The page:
NASA’s Lunar Module: Everything You Need to Know

The Lunar Module was an iconic spacecraft which carried two-man crews to and from the Moon’s surface during NASA’s Apollo Program of the 1960s and ‘70s.  Along with the Saturn 5 rocket and the Apollo Command and Service Modules (CSM), the Lunar Module is the third of the trinity of vehicles which made the moonlandings possible.

Image of eagle on the moon

Tranquility Base:Lunar Module Eagle stands in the morning sun on the Moon in July 1969. Note Buzz Aldrin’s legs as he crawls through the hatch. Dim-witted and/or lazy conspiracy theorists claim this hatch was too small to allow a space-suited human to pass through it. Nonsense! (Image Credit:NASA)

 

Originally there would have been no Lunar Module.The Apollo CSM’s origins go back to the 1950s, and it was intended to be a multi-purpose vehicle for all kinds of missions in Earth and lunar orbit. President John F. Kennedy’s declaration of the United States’ goal to land a manned mission on the moon by 1970 suddenly made it the focus of the project, yet it was not entirely suited to this role.

As originally conceived the entire Apollo spacecraft with a crew of three would have risen from Earth and landed on the Moon, blasting off to return home. By mid 1962 this had been studied and found to be grossly expensive to achieve, requiring the development of gargantuan booster rockets and to be so technologically complex that a landing might not be made until well into the 1970s. Instead a concept called Lunar Orbit Rendezvous was proposed (you can read a transcript of the press conference where this was announced here). This promised to be (relatively) easier and was possible with the Saturn 5 rocket which was being developed at the time.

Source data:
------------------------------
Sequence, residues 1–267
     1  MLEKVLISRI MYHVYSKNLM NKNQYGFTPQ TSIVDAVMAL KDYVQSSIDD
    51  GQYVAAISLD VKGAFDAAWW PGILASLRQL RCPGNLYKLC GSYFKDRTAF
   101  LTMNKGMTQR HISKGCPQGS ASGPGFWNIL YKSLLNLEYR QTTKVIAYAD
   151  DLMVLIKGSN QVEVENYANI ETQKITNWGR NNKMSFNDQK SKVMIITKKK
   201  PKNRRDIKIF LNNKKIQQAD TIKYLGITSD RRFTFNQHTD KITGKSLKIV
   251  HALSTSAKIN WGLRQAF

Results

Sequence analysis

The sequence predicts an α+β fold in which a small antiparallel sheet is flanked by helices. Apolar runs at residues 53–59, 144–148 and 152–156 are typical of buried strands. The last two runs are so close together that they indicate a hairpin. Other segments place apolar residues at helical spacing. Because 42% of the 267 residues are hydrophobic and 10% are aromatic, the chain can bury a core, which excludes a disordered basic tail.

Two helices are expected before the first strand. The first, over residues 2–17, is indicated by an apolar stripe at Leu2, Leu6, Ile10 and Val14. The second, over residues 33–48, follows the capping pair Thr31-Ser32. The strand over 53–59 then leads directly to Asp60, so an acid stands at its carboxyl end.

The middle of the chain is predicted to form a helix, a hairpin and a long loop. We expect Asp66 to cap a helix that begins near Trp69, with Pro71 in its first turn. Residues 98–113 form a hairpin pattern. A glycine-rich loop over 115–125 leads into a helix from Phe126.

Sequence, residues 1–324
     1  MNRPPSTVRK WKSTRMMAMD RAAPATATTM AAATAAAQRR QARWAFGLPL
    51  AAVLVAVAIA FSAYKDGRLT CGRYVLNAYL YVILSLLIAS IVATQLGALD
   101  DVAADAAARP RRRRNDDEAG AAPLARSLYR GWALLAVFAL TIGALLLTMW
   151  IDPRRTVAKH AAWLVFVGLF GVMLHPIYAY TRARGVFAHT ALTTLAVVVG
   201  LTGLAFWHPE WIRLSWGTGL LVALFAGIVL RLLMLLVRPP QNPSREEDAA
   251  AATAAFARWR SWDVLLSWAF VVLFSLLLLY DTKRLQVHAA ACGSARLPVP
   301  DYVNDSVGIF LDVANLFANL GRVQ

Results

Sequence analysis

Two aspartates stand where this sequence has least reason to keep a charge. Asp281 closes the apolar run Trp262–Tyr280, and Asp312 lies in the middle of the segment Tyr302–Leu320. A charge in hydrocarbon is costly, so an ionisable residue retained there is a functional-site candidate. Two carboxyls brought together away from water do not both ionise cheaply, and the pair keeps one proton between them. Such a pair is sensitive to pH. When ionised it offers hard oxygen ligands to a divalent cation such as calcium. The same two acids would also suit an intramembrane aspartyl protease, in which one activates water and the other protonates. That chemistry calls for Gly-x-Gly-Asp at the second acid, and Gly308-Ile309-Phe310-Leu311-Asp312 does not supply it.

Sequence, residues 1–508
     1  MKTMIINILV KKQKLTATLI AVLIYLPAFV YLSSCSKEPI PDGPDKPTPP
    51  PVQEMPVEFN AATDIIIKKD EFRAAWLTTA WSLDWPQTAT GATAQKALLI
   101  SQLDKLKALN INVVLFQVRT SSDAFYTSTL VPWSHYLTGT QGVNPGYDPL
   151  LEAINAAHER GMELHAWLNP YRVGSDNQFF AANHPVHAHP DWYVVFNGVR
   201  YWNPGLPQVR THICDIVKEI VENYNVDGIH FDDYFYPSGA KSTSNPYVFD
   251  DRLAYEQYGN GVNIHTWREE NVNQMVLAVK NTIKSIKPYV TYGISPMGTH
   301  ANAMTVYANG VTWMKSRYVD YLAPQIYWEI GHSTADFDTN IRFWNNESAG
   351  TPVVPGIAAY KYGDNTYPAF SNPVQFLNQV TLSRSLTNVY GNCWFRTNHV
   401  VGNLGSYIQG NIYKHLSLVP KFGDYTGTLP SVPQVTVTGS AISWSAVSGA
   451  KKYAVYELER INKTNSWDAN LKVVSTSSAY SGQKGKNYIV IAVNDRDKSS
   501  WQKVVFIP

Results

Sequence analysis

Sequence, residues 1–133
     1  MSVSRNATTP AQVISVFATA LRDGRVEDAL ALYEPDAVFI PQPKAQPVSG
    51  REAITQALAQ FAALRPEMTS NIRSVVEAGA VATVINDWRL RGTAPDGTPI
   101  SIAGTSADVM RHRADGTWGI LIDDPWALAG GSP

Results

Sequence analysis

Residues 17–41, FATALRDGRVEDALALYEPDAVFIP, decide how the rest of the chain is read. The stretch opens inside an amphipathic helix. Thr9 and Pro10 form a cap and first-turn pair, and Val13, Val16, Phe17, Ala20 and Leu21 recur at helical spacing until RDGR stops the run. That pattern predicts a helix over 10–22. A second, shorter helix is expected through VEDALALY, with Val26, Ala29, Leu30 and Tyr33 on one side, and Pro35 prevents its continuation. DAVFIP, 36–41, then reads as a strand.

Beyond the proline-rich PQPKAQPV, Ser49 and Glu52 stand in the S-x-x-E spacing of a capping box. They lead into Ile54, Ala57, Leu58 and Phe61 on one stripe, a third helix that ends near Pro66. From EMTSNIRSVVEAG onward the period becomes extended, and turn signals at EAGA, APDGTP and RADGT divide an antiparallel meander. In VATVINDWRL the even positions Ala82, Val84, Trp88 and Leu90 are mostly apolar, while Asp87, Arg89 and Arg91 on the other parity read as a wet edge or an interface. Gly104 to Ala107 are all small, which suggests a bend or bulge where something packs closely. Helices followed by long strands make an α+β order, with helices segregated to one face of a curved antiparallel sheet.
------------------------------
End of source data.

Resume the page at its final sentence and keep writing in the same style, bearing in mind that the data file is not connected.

Image of Lunar Landers

Lunar landers compared in an early NASA artwork depicting a notional LEM (Image credit:NASA)

 

How would this work? An Apollo CSM would be launched (with three astronauts on board) along with a Lunar Excursion Module (LEM) on a single Saturn 5 rocket. Thrown moonward entirely by the Saturn 5, the CSM and LEM would fly together into lunar orbit; two astronauts would fly the LEM to a gentle touchdown on our satellite. On completion of their explorations the pair would take off in the two-part LEM’s Ascent Stage (leaving behind the Descent Stage with its heavy engine and landing gear) to rejoin their orbiting colleague. The three explorers would discard the LEM before returning to Earth in the CSM. In July 1962 NASA requested LEM design concepts from the US aerospace industry, then at the height of its post-WW2 powers.

 

 

Nine designs were put forward, and the winning concept came from Grumman Aerospace, a company famed for its sturdy and successful naval aircraft. In September 1962, Grumman’s engineers set about the task of building the first true spaceship.  Why do I say that? All previous crewed spacecraft (and as of 2011 all subsequent spacecraft) passed through the Earth’s atmosphere during part of their flight. In contrast the LEM would spend its entire working life in the vacuum of space and would make no concessions to aerodynamics (unlike aircraft there would be no series of hundreds of test flights gradually expanding the performance envelope). Right from the start, the lander would clearly look completely unlike the sleek rockets of 1950s pop-culture. A bulbous, spindly-legged vehicle was envisaged, and many in NASA and Grumman nick-named it the ‘Bug’.

 

Image of LM evolution

Evolution (or in this case intelligent design) of the Lunar Module (Image credit:NASA)

 
 
The Bug began weighing 10 tonnes. It featured a spherical Ascent Stage with a docking port on top and a second facing forward (the astronauts would use this to access the Moon’s surface), while the pilot would look for a landing site through large helicopter-style bubble windows. The LEM was to have had three legs, but analysis suggested that three was not enough to guarantee a safe landing on uneven terrain. Five legs would be much better, but heavier. To save weight four legs were eventually used.